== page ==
Coordinated Membrane Ballooning and Procoagulant Spreading in Human Platelets

Ejaife O. Agbani, Marion T. J. van den Bosch, Ed Brown, Christopher M. Williams, Nadine J. A. Mattheij, Judith M. E. M. Cosemans, Peter W. Collins, Johan W. M. Heemskerk, Ingeborg Hers, Alastair W. Poole*

*Corresponding author for this work

Research output: Contribution to journalArticleAcademicpeer-review

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Background-Platelets are central to the process of hemostasis, rapidly aggregating at sites of blood vessel injury and acting as coagulation nidus sites. On interaction with the subendothelial matrix, platelets are transformed into balloonlike structures as part of the hemostatic response. It remains unclear, however, how and why platelets generate these structures. We set out to determine the physiological relevance and cellular and molecular mechanisms underlying platelet membrane ballooning. Methods and Results-Using 4-dimensional live-cell imaging and electron microscopy, we show that human platelets adherent to collagen are transformed into phosphatidylserine-exposing balloonlike structures with expansive macro/microvesiculate contact surfaces, by a process that we termed procoagulant spreading. We reveal that ballooning is mechanistically and structurally distinct from membrane blebbing and involves disruption to the platelet microtubule cytoskeleton and inflation through fluid entry. Unlike blebbing, procoagulant ballooning is irreversible and a consequence of Na+, Cl-, and water entry. Furthermore, membrane ballooning correlated with microparticle generation. Inhibition of Na+, Cl-, or water entry impaired ballooning, procoagulant spreading, and microparticle generation, and it also diminished local thrombin generation. Human Scott syndrome platelets, which lack expression of Ano-6, also showed a marked reduction in membrane ballooning, consistent with a role for chloride entry in the process. Finally, the blockade of water entry by acetazolamide attenuated ballooning in vitro and markedly suppressed thrombus formation in vivo in a mouse model of thrombosis. Conclusions-Ballooning and procoagulant spreading of platelets are driven by fluid entry into the cells, and are important for the amplification of localized coagulation in thrombosis.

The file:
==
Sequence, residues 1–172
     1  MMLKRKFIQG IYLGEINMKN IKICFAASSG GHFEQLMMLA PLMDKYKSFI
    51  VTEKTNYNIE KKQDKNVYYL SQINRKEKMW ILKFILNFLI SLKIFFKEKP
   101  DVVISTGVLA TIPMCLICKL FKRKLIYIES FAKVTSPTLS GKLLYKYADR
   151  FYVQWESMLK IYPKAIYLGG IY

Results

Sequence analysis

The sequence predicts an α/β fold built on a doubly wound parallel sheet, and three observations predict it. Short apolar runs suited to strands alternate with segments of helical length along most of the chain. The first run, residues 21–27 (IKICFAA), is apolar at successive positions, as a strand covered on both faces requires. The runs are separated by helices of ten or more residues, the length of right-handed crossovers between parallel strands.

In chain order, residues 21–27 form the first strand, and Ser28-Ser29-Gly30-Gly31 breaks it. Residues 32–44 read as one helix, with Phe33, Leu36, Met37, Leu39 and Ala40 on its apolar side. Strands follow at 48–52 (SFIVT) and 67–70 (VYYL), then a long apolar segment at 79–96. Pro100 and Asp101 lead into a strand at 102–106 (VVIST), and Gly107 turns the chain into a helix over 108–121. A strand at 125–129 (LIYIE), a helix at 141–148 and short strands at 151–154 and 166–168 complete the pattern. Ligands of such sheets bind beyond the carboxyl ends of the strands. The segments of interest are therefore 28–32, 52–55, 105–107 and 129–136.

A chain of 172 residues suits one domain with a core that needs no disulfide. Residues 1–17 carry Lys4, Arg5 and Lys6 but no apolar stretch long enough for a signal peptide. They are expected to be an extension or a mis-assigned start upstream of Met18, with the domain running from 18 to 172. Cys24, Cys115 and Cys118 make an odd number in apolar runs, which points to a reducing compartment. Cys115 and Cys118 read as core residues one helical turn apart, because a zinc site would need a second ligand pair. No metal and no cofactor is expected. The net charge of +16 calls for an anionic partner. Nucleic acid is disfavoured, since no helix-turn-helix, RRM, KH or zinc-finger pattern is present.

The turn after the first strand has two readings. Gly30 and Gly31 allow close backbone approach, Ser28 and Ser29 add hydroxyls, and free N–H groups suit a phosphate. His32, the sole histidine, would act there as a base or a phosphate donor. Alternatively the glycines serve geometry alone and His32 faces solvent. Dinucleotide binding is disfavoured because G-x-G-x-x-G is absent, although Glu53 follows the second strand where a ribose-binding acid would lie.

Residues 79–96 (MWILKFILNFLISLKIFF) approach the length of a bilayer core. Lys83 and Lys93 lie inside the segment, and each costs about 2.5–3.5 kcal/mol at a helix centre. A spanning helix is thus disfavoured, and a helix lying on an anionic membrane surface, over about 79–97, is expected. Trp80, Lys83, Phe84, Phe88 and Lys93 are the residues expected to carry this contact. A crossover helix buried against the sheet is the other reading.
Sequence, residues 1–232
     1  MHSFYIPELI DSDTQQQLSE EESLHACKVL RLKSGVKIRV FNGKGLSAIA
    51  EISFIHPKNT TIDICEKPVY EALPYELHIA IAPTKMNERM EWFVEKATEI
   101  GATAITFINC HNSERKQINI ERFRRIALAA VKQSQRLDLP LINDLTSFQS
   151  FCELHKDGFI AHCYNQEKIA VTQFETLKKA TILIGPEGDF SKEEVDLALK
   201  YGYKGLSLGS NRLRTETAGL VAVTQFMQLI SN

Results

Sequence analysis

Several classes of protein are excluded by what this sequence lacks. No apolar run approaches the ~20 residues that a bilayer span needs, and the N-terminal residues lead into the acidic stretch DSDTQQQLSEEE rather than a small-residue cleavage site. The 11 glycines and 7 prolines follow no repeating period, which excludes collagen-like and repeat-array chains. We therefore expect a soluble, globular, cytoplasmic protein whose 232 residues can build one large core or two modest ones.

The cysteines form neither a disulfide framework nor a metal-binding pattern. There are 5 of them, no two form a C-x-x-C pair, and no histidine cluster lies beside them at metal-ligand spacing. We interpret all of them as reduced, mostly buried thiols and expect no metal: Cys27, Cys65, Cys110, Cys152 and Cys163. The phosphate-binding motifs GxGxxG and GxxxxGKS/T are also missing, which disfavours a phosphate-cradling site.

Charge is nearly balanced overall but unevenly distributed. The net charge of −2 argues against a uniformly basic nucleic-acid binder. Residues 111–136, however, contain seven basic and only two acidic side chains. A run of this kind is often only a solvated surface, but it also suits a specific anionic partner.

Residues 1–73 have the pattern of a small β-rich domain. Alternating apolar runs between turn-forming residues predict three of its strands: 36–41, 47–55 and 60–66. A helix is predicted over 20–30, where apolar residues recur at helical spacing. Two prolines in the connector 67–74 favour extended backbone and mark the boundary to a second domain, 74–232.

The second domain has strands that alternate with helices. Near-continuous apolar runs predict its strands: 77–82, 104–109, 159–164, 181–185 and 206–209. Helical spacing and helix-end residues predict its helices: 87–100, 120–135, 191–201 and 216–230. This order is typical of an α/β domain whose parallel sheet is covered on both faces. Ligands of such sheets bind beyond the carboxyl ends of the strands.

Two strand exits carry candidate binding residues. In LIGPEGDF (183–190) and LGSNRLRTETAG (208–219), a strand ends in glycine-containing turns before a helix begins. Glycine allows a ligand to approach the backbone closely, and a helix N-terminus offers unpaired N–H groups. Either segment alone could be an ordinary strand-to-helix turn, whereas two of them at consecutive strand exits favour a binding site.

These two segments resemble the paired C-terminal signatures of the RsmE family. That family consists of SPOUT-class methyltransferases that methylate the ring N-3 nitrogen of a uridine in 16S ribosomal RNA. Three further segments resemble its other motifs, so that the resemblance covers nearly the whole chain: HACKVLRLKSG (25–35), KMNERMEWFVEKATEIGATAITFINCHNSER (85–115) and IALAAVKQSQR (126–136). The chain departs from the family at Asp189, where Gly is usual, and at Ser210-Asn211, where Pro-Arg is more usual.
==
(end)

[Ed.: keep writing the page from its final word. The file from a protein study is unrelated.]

Original languageEnglish
Pages (from-to)1414-1424
Issue number15
Publication statusPublished - 13 Oct 2015


  • blood coagulation
  • blood platelets
  • cell-derived microparticles
  • collagen
  • fluorescent imaging
  • membrane ballooning
  • procoagulant-spreading

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